Monica Huisman wanted to surprise her mother this Christmas with an antique chair from the Netherlands that's been in her family for more than 100 years.
She got the chair all right -- in pieces.
"They sent it in bits and pieces every day," Huisman said this week. "I was sick to my stomach when I got it. All I was trying to do was get that chair under the Christmas tree."
The chair was willed to her by her cousin Irene, who died in March in the Netherlands. Irene's husband, Gerard Dirske, shipped it to Canada using the online service uShip so Huisman could give it to her mother, Anna, for Christmas.
The chair has great sentimental value for Anna because she often sat in it while visiting with the man who would become her husband when they were dating just after the Second World War.
What's been arriving in small boxes since Tuesday, however, does not resemble the beautiful chair bought by Huisman's grandmother in the early 1900s.
"The pieces keep arriving in Canada... mainly broken pieces," Huisman said. "There is no semblance of the beautiful antique that was packaged on the other side of the ocean."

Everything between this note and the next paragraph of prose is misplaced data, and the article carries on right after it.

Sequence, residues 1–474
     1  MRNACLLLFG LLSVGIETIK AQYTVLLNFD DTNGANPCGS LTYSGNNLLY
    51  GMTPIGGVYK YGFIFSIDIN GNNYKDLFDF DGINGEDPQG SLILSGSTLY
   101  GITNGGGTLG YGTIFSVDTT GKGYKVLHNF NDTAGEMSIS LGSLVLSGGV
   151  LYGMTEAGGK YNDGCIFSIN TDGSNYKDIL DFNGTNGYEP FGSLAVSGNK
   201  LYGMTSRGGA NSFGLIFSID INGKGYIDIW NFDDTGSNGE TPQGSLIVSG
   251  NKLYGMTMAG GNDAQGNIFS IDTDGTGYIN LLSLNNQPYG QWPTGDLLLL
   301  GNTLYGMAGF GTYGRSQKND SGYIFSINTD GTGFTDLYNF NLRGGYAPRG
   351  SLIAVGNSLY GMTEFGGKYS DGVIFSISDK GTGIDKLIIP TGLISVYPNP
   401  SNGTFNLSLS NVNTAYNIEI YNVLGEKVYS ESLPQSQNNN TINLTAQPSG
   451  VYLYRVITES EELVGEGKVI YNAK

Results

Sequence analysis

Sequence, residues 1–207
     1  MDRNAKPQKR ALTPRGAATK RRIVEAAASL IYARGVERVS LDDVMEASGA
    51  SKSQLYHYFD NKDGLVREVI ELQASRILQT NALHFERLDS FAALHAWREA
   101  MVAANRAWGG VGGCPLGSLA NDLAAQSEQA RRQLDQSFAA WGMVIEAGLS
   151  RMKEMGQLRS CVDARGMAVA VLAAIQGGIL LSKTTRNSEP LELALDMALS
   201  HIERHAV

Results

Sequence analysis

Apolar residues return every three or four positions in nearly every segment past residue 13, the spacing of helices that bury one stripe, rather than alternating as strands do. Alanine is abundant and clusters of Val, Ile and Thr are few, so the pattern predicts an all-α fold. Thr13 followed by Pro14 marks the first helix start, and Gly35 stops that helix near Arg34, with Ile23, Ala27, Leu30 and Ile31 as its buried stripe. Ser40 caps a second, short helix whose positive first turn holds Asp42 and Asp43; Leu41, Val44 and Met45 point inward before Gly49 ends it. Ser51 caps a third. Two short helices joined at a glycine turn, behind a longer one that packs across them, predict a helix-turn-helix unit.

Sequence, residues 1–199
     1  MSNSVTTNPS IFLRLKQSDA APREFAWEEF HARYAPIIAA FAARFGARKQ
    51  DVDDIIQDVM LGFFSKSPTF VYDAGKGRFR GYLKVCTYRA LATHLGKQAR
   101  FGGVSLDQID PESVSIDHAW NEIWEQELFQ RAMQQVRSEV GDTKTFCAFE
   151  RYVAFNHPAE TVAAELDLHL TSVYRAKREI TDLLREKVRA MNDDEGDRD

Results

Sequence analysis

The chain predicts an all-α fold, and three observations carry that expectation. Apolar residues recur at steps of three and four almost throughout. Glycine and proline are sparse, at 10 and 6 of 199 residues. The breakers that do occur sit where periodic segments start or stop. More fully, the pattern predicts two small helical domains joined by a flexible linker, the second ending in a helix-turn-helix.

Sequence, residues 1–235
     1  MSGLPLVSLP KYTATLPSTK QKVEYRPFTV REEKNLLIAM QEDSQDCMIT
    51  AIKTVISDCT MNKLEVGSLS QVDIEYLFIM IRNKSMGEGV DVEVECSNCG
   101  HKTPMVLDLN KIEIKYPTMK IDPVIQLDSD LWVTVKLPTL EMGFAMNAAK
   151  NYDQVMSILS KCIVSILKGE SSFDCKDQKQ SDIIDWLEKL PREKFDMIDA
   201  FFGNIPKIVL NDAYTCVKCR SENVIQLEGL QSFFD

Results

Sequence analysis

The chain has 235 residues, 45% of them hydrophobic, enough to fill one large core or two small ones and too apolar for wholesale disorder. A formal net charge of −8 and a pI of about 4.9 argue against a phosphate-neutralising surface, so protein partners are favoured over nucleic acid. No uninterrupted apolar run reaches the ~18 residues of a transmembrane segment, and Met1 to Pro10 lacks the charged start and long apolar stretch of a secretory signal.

According to emails documenting the shipping order, it cost Dirske close to 570 euros, or C$750, to ship the chair to Canada.
The chair was picked up in the Netherlands completely intact, protected by bubble wrap. Huisman believes the chair was dismantled to drive down the cost of shipping a larger, fragile item.
A chair repair specialist will be required to reassemble it -- although she's worried some parts will be missing.
"It was an antique chair, not a piece of IKEA furniture that you can put together," Huisman said.
Internet-based company uShip, which has its head office in Austin, Texas, allows customers to post what they need shipped, and shipping companies then bid for the job.
On Friday, a uShip spokesman said customer services representatives in Amsterdam are looking into the matter.
"Unfortunately, in working with this particular carrier, this shipment did not go as planned and, understandably, this is very upsetting for the family who shares value in this heirloom," Dean Jutilla said.
"We regret that the transporter using our site did not deliver the item as expected -- we have since taken steps to restrict the carrier's activity on the site and are working to do all we can to get this resolved to the satisfaction of both parties."
Jutilla said uShip generates a 98 per cent positive customer-feedback rating, with 355,000 registered transporters and 1.6 million shipping customers on the site.